Shouldn't she have a directive in place already? Such as a D N R? Perhaps while she is still conscious is the time to ask so it is legal and binding. But shouldn't a family member be responsible for this? I admire that you wish to take this on but perhaps since you already stated the family thinks this should take place maybe you should all discuss this and how you can proceed.

I'm sorry for you and wish you the very best. She is lucky to have a friend like you.
Helpful Answer (15)

Dear onlychild15,

I am so sorry to hear about your friend's situation. I know you love her a lot and do not want her to suffer. It is a very delicate situation. But I guess if it were me, I would want someone to ask me if I was conscious what I wanted. I would try to have more than one person in the room to make sure there is no misunderstanding.
Helpful Answer (13)

That poor girl. Thank you for being there for her. It's also comforting to know that she has a doctor with compassion.
My heart breaks for her.
She will be in my prayers.
Helpful Answer (10)

Country mouse is right. Understandably, all who care about her are concerned and want to help her make a good decision. If she has a religious leader, that person should be a part of this discussion with her. If not, perhaps the hospital has a chaplain that could talk with her.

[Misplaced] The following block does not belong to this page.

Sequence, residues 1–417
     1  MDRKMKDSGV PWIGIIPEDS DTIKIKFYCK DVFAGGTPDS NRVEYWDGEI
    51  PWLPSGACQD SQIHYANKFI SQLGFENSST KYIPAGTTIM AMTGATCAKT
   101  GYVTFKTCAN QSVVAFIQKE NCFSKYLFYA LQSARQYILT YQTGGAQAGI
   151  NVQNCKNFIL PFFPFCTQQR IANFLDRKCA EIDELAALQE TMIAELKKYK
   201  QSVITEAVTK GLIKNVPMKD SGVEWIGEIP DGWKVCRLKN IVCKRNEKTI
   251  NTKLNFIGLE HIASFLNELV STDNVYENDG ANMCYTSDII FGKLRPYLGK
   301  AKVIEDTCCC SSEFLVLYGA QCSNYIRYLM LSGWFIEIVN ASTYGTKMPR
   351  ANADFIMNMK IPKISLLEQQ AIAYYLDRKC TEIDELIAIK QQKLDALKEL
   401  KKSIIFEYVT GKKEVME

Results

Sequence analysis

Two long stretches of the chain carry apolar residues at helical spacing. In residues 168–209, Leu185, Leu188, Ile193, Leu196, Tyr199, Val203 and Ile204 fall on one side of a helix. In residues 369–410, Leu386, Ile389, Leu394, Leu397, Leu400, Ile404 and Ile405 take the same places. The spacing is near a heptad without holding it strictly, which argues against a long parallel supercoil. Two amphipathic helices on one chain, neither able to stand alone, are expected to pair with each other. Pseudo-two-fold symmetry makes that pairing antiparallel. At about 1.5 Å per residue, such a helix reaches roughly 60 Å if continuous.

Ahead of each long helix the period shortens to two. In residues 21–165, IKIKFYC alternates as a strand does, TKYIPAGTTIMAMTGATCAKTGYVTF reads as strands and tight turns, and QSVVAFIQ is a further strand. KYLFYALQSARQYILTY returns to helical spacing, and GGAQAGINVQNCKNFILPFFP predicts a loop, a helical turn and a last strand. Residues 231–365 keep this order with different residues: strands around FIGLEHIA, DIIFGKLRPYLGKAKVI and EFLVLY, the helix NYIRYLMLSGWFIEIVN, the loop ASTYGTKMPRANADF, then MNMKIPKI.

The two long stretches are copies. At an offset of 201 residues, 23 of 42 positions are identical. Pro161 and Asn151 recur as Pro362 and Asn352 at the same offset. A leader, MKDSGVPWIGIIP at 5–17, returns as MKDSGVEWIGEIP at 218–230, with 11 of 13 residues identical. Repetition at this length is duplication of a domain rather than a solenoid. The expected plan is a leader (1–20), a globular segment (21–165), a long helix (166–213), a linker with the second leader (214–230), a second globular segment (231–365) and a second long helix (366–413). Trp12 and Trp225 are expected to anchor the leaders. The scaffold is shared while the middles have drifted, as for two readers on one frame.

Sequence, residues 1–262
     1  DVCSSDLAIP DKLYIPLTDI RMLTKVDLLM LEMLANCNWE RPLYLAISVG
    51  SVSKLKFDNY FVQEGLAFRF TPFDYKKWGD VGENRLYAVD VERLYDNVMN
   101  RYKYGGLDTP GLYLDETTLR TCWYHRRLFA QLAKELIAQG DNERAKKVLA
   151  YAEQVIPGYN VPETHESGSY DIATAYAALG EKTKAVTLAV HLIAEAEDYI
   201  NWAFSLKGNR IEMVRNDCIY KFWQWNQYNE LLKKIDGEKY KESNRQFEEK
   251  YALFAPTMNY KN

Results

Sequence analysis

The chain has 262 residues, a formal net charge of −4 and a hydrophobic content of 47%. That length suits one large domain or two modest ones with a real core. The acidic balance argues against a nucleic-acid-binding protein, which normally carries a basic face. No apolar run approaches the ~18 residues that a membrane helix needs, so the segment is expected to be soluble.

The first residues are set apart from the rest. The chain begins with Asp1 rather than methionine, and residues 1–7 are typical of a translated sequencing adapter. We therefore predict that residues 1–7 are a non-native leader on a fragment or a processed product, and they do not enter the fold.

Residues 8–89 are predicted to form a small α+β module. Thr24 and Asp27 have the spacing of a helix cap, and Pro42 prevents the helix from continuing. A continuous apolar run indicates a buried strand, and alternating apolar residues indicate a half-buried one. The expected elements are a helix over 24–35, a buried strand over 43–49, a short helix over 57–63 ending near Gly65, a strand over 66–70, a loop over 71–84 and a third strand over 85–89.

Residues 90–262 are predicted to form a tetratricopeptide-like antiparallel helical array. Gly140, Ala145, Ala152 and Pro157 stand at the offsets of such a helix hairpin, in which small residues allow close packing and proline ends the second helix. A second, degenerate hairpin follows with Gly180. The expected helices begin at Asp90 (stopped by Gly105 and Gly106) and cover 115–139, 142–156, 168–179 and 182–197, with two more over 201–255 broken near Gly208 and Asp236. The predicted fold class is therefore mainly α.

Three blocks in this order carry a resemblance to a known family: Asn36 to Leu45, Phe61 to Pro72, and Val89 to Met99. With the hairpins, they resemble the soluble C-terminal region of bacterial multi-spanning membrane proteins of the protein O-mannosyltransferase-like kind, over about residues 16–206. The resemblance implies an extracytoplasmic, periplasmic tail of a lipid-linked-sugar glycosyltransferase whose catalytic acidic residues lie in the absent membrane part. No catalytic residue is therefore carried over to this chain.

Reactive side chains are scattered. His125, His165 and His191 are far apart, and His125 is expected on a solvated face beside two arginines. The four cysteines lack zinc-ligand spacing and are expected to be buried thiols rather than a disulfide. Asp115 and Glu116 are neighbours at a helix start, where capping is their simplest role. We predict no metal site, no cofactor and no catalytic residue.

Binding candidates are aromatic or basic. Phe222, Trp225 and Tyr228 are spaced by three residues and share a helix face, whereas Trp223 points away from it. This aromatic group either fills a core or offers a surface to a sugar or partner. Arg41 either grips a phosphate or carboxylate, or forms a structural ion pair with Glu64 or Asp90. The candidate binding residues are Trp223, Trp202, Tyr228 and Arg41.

Helpful Answer (5)

This sort of situation even can upset medical staff. Doctors take an oath to do no harm. In this day and age they now have to think to do no further harm. Whoever is making her decisions has to balance this woman's quality vs quantity of life. Taking in your valuable friendship makes it much harder to you. That is why each of us should sit down at a table during the good times and ask our loved ones what they would want done. I did this 15 years ago with my parents. I do not have this conflict. But for those who do not know, consider the further harm and suffering that sounds like futile care. It sounds like she will never be back to living at home.
Helpful Answer (3)

This last spring after 3 months in ICU, a very good friend of mine realized she would never get off the ventilator and she decided to turn it off. Hard on family but they heard her say she didn't want to live that way. The family gathered, said goodbye and the doctors turned it off. I don't know the procedure.

This is a good time for all of us to be sure we have our wishes written down so our families won't have these awful choices.
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DigitalBanker - I'm sorry to tell you that by putting her on life support in the first place the doctors were "playing God". Were it not for those machines, "God" would have taken her. You clearly do not understand that "God" is love and wants us to be happy.

OnlyChild - support your friend as she makes this difficult and scary decision. Visit with her. Read to her. Help her get information about her prognosis, palliative care, and hospice. Many people think they want doctors to "do everything" but then change their minds when faced with the stark reality of a long, painful death. So sorry for you.